Custom spans in Org mode

Org mode's HTML export lets you use #+BEGIN_... and #+END_... blocks for custom <div> classes, but what about custom <span> classes? There are some ways to do it, but they all move the text out of the normal document flow, which makes reading the source difficult. Instead, you can use org-add-link-type, usually a way to register custom link schemes. Org links are inline and quite readable, and there is a notion of a link that isn't clickable, so it's not too much semantic abuse.

(defun jw/html-escape-attribute (value)
  "Entity-escape VALUE and wrap it in quotes."
  ;; "Escaping a string... consists of replacing any occurrences of
  ;; the "&" character by the string "&amp;", any occurrences of the
  ;; U+00A0 NO-BREAK SPACE character by the string "&nbsp;", and, if
  ;; the algorithm was invoked in the attribute mode, any occurrences
  ;; of the """ character by the string "&quot;"..."
  (let* ((value (replace-regexp-in-string "&" "&amp;" value))
         (value (replace-regexp-in-string "\u00a0" "&nbsp;" value))
         (value (replace-regexp-in-string "\"" "&quot;" value)))

(eval-after-load "org"
    "span" #'ignore ; not an 'openable' link
    #'(lambda (class desc format)
        (pcase format
          (`html (format "<span class=\"%s\">%s</span>"
                         (jw/html-escape-attribute class)
                         (or desc "")))
          (_ (or desc ""))))))

Now you can type links such as:

Check out this [[span:special][text block]].

Which generates HTML output like:

<p>Check out this <span class="special">text block</span>.</p>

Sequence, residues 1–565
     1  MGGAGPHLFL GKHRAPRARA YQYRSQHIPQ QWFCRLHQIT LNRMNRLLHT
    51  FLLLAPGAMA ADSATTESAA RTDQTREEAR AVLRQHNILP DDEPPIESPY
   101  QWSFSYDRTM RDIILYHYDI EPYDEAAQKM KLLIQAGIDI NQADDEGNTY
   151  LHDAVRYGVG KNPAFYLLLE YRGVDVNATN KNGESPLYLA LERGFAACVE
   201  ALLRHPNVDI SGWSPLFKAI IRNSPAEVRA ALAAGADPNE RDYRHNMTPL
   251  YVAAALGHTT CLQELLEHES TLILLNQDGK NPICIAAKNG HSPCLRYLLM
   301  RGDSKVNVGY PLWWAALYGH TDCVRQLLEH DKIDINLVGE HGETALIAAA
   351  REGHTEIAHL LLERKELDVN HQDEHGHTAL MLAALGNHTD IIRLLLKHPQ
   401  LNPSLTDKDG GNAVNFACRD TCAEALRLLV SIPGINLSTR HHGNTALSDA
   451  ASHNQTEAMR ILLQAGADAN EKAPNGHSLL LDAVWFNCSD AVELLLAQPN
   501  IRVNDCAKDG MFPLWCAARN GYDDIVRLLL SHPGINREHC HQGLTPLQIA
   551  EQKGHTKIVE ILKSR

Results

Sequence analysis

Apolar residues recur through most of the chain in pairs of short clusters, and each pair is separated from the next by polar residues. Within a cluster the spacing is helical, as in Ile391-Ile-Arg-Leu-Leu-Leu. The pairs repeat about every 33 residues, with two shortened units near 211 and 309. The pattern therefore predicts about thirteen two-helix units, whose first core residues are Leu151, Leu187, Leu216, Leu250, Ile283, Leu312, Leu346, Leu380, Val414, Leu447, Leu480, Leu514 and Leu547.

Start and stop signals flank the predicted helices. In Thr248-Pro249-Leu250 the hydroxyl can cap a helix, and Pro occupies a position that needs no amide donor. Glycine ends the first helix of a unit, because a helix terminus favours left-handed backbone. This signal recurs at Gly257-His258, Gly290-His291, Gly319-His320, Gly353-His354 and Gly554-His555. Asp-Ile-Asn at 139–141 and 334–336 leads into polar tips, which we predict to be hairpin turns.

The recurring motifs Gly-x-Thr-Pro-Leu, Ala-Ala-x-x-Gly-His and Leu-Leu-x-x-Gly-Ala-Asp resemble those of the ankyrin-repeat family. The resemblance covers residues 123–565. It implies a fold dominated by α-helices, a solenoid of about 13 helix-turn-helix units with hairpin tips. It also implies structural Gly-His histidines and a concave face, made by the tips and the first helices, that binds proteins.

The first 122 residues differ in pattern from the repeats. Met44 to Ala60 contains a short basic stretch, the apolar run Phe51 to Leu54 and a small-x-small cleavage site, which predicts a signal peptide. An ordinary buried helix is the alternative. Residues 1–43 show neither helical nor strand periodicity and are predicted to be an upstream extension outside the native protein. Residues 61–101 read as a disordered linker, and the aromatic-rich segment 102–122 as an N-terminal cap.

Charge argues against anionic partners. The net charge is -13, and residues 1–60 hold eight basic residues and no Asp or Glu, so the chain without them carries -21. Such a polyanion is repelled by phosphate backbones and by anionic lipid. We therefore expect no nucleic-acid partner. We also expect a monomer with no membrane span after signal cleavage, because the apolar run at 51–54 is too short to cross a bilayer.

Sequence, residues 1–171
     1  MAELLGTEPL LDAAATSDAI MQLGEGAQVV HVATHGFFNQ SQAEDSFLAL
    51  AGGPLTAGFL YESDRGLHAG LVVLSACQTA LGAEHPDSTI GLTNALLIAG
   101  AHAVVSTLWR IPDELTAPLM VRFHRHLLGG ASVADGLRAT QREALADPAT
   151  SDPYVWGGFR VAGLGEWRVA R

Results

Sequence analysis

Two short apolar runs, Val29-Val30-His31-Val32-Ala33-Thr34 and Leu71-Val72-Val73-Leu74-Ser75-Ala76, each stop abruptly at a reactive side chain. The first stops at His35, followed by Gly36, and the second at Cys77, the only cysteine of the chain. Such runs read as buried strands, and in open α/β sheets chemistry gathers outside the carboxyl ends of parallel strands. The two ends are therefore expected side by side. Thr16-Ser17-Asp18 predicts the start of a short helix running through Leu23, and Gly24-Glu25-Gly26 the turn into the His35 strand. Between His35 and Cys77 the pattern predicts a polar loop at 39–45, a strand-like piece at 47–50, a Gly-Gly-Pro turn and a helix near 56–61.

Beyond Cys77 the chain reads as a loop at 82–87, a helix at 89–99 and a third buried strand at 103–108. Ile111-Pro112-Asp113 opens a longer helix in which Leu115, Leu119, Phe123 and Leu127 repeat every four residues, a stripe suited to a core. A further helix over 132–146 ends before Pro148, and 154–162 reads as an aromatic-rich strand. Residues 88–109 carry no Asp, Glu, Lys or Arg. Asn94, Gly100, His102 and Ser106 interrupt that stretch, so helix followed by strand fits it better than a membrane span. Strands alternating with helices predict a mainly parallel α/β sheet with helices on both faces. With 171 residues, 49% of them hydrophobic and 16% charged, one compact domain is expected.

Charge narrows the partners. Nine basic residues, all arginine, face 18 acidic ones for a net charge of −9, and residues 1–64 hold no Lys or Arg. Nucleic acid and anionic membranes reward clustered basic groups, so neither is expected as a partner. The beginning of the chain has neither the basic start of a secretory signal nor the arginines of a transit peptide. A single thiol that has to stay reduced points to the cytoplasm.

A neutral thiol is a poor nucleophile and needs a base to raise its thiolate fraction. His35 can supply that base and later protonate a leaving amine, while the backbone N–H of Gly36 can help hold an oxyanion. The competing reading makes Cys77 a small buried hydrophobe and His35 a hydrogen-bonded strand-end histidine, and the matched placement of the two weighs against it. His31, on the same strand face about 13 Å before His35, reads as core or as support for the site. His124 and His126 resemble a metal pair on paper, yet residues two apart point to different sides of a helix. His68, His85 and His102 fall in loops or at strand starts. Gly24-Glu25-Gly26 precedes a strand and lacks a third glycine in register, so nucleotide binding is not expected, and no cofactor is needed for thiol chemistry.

Kirschblütenfest - Garten der Welt, 2015

Assorted dumplings in an outdoor kitchen Blossoming tree Blossoming tree, closer view of branches Blossom, close-up

don't go crazy save the world

God’s plan to suicide himself could not work, though, as long as He existed as a unified entity outside of space-time and matter. Seeking to nullify His oneness so that He could be delivered into nothingness, he shattered Himself—Big Bang-like—into the time-bound fragments of the universe, that is, all those objects and organisms that have been accumulating here and there for billions of years. In Mainländer’s philosophy, “God knew that he could change from a state of super-reality into non-being only through the development of a real world of multiformity.” Employing this strategy, He excluded Himself from being. “God is dead,” wrote Mainländer, “and His death was the life of the world.” Once the great individuation had been initiated, the momentum of its creator’s self-annihilation would continue until everything became exhausted by its own existence

Thomas Ligotti, The Conspiracy Against the Human Race (reviewing Phillip Mainländer's Die Philosophie der Erlösung

A screenshot from the videogame Baroque; the mute protagonist and a young woman named the Absolute God are embracing.

A different camera angle of the embrace.